Now, thanks to a team of editors no doubt, Teresa Mummert’s White Trash Beautiful wasn’t as horrific as Honor Student. It had a decent basis and the opening was fairly entertaining and gripping. However, after the initial setup this book just falls completely flat. The girl protagonist we meet in the beginning doesn’t like herself much, which is understandable. Life dealt her a pretty crappy hand. She lives in a trailer park with her addict boyfriend and mother, whom she takes care of by slinging hash at a local diner. So far, so good. But then she meets the boy (frankly this is the only reason I feel people were drawn to this book), the one who offers her hope for another life. Her way out. He’s lovely and sweet (although the use of sweetheart was wholly unbelievable – such an old word for a young rock star) and provides hope that she may be worth more than the dumps she has been subjected to.

Okay, I can buy that.

But then he leaves for another tour stop and the story just fizzles. I read page after page of the same. I am trash; no one will like me; I am worthless; I deserve what I am getting; my boyfriend used to be good; I deserve to be hit; Daddy doesn’t love me. This repetitive inner disgust is smattered with unnecessary flashbacks and talks about impending hurricanes that never hit. To further the tear down the believability of this far-fetched story, Mummert describes characters her protagonist cares for yet we never meet and her protag   doesn’t have any friends… not a one. In fact we don’t meet anyone in her life except the addicted sloths she lives with and her co-workers; a greasy short order cook who is described as mean, but actually isn’t and a greedy waitress who is all but useless. What I did like was the topic. I think delving into an issue as serious and heavy as domestic abuse and its relation to drug addiction is a topic that deserves focus and I love seeing these problems tackled; however, not like this. Not with a girl who doesn’t ever take herself out of her position in search of betterment. Yes in real life this down on her luck girl would probably wallow and believe she deserved what she got, but after 150 pages of the same drivel, I about lost my mind. This character bored me, made me angry and frankly all my sympathies dissolved by the third act. She was inconsistent, erratic, self-loathing and plain old stupid.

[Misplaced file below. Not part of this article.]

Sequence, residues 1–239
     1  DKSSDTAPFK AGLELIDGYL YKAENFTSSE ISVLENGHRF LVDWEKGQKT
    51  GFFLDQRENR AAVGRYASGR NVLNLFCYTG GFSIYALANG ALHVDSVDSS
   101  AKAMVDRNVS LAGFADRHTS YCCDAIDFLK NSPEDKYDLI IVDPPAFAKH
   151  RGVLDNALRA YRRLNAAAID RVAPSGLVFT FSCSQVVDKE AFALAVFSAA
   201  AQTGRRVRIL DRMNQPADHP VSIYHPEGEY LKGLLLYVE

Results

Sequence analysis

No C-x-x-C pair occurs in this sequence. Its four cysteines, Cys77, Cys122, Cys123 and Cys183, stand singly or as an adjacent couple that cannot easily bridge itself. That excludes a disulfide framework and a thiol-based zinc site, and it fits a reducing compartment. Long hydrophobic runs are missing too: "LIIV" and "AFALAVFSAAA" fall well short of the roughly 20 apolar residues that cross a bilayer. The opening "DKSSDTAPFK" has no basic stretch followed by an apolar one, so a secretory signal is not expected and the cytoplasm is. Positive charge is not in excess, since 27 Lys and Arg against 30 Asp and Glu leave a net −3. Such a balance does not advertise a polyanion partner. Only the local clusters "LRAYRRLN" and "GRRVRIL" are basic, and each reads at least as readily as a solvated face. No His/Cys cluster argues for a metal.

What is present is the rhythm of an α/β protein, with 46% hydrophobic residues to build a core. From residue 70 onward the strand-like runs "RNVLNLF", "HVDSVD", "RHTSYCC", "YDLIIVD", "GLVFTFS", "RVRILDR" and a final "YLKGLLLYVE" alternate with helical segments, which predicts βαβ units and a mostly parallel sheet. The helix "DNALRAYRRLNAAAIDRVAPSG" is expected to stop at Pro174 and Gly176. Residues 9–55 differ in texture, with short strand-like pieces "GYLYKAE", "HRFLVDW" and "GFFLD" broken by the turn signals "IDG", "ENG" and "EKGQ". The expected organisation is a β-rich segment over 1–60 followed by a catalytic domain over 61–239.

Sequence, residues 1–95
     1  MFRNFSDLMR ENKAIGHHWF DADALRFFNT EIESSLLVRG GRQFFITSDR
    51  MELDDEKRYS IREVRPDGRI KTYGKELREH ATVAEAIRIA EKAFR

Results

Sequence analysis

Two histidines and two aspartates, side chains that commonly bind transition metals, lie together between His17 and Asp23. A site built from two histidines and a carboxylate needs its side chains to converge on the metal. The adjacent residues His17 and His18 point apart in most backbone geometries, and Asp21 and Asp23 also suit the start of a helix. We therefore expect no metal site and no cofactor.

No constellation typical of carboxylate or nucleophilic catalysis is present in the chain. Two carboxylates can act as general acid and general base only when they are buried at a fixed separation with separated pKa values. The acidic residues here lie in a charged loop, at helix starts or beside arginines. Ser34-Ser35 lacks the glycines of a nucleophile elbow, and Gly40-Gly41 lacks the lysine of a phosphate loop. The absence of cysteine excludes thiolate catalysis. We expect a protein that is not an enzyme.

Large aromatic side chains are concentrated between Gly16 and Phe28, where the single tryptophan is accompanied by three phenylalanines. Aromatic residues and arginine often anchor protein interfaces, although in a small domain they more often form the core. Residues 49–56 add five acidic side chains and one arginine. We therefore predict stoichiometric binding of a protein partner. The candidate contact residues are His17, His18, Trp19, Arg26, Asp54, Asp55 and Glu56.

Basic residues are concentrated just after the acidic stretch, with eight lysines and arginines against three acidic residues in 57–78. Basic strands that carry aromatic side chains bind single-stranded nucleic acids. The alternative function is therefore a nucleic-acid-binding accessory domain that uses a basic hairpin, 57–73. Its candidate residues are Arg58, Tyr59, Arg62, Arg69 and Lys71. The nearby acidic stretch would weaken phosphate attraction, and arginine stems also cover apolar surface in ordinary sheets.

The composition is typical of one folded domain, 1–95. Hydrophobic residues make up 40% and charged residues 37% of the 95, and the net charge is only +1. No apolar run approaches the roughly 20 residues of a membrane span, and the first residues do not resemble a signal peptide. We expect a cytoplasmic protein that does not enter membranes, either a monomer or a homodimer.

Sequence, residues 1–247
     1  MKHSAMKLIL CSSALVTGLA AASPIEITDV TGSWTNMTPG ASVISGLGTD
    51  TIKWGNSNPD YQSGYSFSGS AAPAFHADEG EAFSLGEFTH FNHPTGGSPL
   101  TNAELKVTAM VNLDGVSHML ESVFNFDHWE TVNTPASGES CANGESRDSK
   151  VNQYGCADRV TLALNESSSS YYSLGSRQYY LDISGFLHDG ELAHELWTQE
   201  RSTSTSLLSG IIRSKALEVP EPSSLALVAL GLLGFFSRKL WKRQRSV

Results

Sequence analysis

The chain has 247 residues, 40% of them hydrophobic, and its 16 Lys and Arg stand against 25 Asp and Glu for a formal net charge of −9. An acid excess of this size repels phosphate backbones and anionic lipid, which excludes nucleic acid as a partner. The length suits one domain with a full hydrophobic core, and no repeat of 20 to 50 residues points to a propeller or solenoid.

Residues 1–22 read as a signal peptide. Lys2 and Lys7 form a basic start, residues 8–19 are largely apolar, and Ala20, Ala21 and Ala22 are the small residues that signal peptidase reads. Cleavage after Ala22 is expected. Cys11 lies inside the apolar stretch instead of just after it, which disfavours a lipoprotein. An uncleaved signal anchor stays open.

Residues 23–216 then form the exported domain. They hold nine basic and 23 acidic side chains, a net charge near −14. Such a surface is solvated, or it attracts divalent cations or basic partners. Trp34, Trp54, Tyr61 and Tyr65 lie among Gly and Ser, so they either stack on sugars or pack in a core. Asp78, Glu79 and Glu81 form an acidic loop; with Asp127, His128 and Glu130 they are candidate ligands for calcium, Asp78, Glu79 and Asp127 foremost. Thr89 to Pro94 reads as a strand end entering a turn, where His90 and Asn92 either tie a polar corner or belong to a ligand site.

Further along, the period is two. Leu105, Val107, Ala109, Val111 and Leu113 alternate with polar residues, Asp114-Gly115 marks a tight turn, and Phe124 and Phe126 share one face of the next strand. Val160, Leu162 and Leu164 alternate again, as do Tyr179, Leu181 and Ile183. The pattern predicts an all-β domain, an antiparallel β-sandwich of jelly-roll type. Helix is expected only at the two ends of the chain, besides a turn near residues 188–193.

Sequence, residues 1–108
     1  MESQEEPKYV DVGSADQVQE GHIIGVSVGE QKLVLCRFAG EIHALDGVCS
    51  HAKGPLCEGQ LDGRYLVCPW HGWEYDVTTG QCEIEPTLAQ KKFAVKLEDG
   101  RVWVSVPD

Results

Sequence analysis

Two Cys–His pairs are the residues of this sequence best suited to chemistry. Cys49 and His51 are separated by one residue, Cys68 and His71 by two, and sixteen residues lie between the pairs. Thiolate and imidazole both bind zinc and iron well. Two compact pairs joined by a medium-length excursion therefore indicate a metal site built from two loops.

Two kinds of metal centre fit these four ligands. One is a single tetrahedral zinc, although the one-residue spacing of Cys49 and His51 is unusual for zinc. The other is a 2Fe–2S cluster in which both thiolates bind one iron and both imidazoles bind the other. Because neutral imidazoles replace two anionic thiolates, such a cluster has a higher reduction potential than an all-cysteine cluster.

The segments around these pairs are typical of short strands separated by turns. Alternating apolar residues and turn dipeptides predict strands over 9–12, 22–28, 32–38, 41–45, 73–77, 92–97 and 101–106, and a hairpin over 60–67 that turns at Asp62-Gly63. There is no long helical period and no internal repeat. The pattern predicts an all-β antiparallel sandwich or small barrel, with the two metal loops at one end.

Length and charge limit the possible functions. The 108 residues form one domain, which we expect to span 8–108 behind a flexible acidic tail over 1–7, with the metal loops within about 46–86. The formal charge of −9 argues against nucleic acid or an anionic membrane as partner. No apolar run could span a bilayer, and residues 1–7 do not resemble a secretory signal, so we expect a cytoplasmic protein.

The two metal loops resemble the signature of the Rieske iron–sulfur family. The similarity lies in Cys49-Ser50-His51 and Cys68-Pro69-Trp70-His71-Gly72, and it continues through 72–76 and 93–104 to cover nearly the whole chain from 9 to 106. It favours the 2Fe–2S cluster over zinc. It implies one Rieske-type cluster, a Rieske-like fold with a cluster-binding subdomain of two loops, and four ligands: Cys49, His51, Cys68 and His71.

Sometimes the end can redeem the prior inconsistencies, but that never happened. By the end, I just wanted it to end and didn’t care how it came about. The big tragic finale was neither moving nor tragic, because by that point it didn’t matter… I wanted out of this girl’s head. And the boy that I felt added some redemption to this blasé story, he turned out to be equally uninteresting or controversial. He was a stale and stagnant character, who didn’t make me swoon, as I am sure was intended, instead he left me yawning.

FINAL THOUGHTS: If you aren’t a stickler for a good story and don’t care much if the writing is drafted with any thought, by all means read White Trash Beautiful. But if you aren’t as concerned with the sales ratings, but the quality of work tucked inside the covers then I suggest looking elsewhere.

Sara O'Connor